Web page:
The format you choose for images on your website affects appearance, file size and page load times. To design an attractive site with smooth functionality, it’s important to use the right format for each application.

JPEG, GIF and PNG are some of the most common image file extensions on the web. Each has advantages and drawbacks, and knowing which to choose can make a big difference in how your website looks to visitors.

JPEG

jpegAn acronym for the Joint Photographic Experts Group, the creators of the format, JPEG is a 16-bit image style able to contain over 16 million colors. This diversity makes JPEG a good choice for photos and other images with complex colors and shading. A compression rate of 60 to 75 percent creates an image with an appearance similar to the original but with a smaller file size suitable for web use.

JPEG is best when you want cross-platform support for popular operating systems and imaging hardware. The reduced image size supports faster page loading, but this benefit comes at the expense of quality. To compress the image when saved, the JPEG format sacrifices some of the information it contains, hence why the format is called “lossy.” This process repeats each time the image is saved, resulting in compound degradation visible in the image.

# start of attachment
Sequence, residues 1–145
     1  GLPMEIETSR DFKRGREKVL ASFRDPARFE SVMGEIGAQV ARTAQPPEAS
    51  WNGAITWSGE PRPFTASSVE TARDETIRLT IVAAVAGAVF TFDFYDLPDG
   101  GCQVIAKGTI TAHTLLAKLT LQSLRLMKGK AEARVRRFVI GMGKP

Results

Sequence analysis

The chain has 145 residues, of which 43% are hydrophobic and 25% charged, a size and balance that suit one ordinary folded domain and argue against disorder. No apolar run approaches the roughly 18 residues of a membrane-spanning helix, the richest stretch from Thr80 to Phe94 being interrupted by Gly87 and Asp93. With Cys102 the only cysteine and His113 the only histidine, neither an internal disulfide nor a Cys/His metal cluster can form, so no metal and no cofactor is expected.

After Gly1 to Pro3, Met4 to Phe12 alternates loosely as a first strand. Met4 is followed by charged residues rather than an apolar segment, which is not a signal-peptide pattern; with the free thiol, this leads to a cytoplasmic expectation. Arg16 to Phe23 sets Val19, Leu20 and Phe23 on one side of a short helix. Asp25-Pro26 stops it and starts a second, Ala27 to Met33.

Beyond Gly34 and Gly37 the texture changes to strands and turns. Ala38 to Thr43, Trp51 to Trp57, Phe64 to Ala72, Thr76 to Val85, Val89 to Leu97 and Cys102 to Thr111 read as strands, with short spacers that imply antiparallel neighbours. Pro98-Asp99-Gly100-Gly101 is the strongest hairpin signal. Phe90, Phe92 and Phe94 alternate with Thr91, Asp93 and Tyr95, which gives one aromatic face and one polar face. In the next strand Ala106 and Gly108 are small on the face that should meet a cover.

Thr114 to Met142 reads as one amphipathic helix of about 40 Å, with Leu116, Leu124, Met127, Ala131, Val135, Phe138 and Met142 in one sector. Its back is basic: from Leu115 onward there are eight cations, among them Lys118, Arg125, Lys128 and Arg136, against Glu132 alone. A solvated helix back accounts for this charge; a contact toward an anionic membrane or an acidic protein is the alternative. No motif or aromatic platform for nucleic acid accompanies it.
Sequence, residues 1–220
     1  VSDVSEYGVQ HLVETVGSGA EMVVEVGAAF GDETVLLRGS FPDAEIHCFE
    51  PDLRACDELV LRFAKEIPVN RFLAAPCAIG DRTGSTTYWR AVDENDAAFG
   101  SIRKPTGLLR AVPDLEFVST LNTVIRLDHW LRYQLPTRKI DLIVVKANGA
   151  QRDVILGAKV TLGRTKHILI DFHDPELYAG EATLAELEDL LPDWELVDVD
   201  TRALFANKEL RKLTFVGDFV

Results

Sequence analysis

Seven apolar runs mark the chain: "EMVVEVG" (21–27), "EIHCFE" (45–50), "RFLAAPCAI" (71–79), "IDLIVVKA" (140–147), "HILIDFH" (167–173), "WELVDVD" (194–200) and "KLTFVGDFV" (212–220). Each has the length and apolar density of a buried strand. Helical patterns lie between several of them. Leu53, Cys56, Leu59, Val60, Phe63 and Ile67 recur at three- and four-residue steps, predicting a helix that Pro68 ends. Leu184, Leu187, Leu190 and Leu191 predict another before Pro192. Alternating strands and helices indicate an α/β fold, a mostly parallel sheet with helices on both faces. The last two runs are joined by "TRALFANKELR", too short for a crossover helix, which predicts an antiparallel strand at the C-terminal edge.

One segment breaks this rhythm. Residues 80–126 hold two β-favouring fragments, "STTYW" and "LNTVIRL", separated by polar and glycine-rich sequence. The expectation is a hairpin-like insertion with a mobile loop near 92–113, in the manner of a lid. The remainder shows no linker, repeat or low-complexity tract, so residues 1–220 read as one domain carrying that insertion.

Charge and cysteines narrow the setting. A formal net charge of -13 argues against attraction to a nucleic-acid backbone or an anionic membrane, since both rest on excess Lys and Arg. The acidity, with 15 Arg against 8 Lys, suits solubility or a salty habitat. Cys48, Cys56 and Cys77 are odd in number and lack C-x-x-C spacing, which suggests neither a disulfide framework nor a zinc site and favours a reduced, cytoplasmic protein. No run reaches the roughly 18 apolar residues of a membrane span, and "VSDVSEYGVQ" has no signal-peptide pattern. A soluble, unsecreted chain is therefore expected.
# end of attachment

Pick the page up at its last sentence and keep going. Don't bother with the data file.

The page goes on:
GIF

gifOriginally created to facilitate faster image transfers over slow Internet connections, the “graphics interchange format” uses 256 indexed colors and lossless compression to render much smaller image files than JPEG. However, even with this limited color selection, files can become cumbersome if too many colors are used in the same image. This makes GIF best for small web graphics, icons, buttons and navigation images. Since one color in a GIF can be transparent, these images may be placed anywhere without interrupting the visual flow of a webpage. GIFs can also be animated, a feature you can take advantage of to create eye-catching memes or moving graphics for social media.

PNG

pngShort for “portable network graphics,” the PNG format emerged as a way to take advantage of the best features offered by both JPEG and GIF. Using alpha channels, this format gives you a choice of various levels of transparency, including completely transparent backgrounds useful for logos with a quality higher than GIF can provide. PNG is also the best format for images requiring fade effects.

If file size isn’t an issue, PNG can be used to preserve the crisp detail of complex images because the files retain all information when compressed. However, if graphics need to be resized on the web, some quality may be lost in the process.

Choosing the Right Format

With pros and cons for every image format, it’s up to you to decide which is best for any given web project. If you’re building a site with a lot of icons, pictures and graphic text, you’re likely to need a combination of formats for every page. When it comes to photographs and other colorful images, you may have to test whether JPEG or PNG produces the quality you’re looking for at a reasonable file size.

Check your images on multiple screens, including mobile devices, to determine if they display the way you want them to. Use a high-quality image editor to make any adjustments before publishing the final product.

Although common image formats may be interchangeable in some situations, it’s best to use each for its intended purpose. Choose formats made for specific functions to streamline your website, ensure crisp images on social media and give visitors a pleasing visual experience.